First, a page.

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"A heartfelt, personal story of the gradual awakening of a woman who comes to see that preferring the 'human to the perfect' does not alienate her from authentic spirituality but allows her to live more fully."

Kathleen Norris,
author of The Cloister Walk


"This is not your grandmother's ex-nun story.  Johnson speaks openly and frankly about her experiences as a nun in the order founded by Mother Teresa.  While working closely with Mother Teresa, Mary Johnson experienced the holy joy of prayer, and the angst-filled pull of sex.  No sugar coating here: Johnson examines the entire experience with staggering honesty." --Barb Johnson, author of More of This World or Maybe Another


“Mary Johnson is brave writ large -- very large and very courageously and very simply and very gently and very intellectually and very wholly. . . Like the vocation of Mother Teresa the language of this memoir is simple -- not elemental, simplistic, naive or raw - but un-embroidered and clear. Mary Johnson has managed to be gentle in her treatment of the subject -- loving without being namby-pamby and unquestioning. I was so surprised to be tearful -- to be moved when Sister Donata left the order. It broke my heart some that she couldn't make it work. How else would I have met Mary Johnson though? How else could she have written this fascinating and affecting memoir?"  --Breena Clarke, author of Stand the Storm and River, Cross My Heart


An Unquenchable Thirst is an eloquent and moving tale that is an extraordinary testament to the enduring power of love- beyond faith and dogma.” --Mira Bartok, author of The Memory Palace


"Mary Johnson has written a brilliant, bold, and courageous memoir. Through a lens that is both keen and personal, she dives into the mysterious heart of faith—laying bare its beauty and its challenges. What she shares will shake and inspire you to the core. Exactly as a great book should." —Kristen Wolf, author of The Way


"An Unquenchable Thirst is a brave and careful book, enriched by Mary Johnson's honest attention to each nuance of her story. Johnson's revelations about the lived truth of Mother Teresa's order are urgent and important; our world will benefit deeply from her care." —Annie Finch, author of Spells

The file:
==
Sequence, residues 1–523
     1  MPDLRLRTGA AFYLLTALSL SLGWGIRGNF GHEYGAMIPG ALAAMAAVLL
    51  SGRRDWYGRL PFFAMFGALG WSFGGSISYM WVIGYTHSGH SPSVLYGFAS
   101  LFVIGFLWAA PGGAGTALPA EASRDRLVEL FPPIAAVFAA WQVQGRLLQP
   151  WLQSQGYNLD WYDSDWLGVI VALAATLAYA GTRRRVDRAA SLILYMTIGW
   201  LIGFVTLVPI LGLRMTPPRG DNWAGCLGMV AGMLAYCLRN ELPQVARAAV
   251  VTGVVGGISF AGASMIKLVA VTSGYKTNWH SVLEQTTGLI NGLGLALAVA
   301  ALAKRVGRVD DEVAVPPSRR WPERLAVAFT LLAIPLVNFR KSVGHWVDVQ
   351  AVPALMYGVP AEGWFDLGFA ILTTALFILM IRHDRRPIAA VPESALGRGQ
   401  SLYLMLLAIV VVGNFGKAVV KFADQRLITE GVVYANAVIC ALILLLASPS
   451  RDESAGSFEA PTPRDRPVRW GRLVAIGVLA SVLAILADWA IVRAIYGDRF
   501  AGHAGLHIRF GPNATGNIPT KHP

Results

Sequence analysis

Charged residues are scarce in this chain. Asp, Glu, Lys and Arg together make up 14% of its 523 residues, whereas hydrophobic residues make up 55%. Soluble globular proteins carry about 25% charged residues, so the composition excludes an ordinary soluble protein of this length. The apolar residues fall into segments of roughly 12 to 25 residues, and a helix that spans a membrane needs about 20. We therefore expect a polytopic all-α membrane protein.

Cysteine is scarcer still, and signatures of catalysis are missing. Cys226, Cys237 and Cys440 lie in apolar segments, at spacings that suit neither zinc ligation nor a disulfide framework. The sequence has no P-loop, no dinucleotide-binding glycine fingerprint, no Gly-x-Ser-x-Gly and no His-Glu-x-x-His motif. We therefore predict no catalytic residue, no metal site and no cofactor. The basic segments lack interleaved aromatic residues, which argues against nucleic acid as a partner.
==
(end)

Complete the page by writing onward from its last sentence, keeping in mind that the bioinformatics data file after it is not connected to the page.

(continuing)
"This is the provocative story of one woman's arduous journey to self and inner truth. After courageously serving with Mother Teresa, then making the brave choice to leave both Mother and her Sisters, Mary Johnson now seeks her own personal power. As she honors new wisdom and tells her extraordinary tale, Mary's book opens the floodgates for both women and men to tell their stories and to be healed and free." —Gail McMeekin, author of The 12 Secrets of Highly Creative Women and The 12 Secrets of Highly Successful Women


"An Unquenchable Thirst reveals the distinctive nature of life in a religious order at the same time that it reminds us of the ties that bind us all. I was moved by Johnson's courage, resilience, and persistence in her quest for compassion and truth. Reading the book heightened my sense of belonging to a humanity that is both flawed and beautiful." —Thordis Simonsen, author of Dances in Two Worlds: A Writer-Artist's Backstory


"Most of us rarely get the chance to see and hear and know the real true life of nuns. Mary Johnson, once a nun, gives us that memorable chance by beautifully telling us the truth of her path, and letting us see her exceptional life." —Esther Cohen, author of Book Doctor: A Novel


"Mary Johnson's memoir is a daring account of how one woman's desire to serve God led her first into and then away from the life of a Missionary of Charity. In addition to the insights into what it was like to work closely with Mother Teresa, this book inspires with its bravery and faith." —Rebecca Brown, Lambda Literary Award author of The Gifts of the Body


Anyone who gets close enough to the Missionaries of Charity sees glimpses of their wholesale insanity; if you haven't seen it you just haven't gotten close enough. Mary Johnson lived within the convent walls, operated at the highest levels, and drank deeply from the communal kool-aid. Yet, after twenty years she was able to leave, relatively unscathed, to share in horrifying and beautiful detail the stories of her life as a nun.

In An Unquenchable Thirst Mary Johnson shows true courage, not just for leaving the Missionaries of Charity after twenty years but for being willing to talk about the difficulties of MC life and the troubling nature of closed systems, absolute obedience and the deep futility of choosing suffering for its own sake.

Mary Johnson captures the deeply bizarre and fractured daily life of a Missionary of Charity nun in jaw-dropping detail, with honest courage and without self-pity.

The world is awed by the work of Mother Teresa and the Missionaries of Charity, but the story inside the convent is a surprising mess. Johnson takes us inside this world she inhabited for twenty years and lays it—and herself—bare. An Unquenchable Thirst is unafraid, unflinching and deeply troubling. —Kelli Dunham, former Missionary of Charity, queer comic, and author of The Girl's Body Book


"On the plane trip I read all of Mary Johnson's new book, An Unquenchable Thirst.  The book was dazzling, a look into the life of a nun who finally leaves being a nun in the service of Mother Teresa to become a whole person.  I found it utterly compelling, raw and yet exquisite." --Kate Gale, author of Mating Season from A Mind Never Dormant


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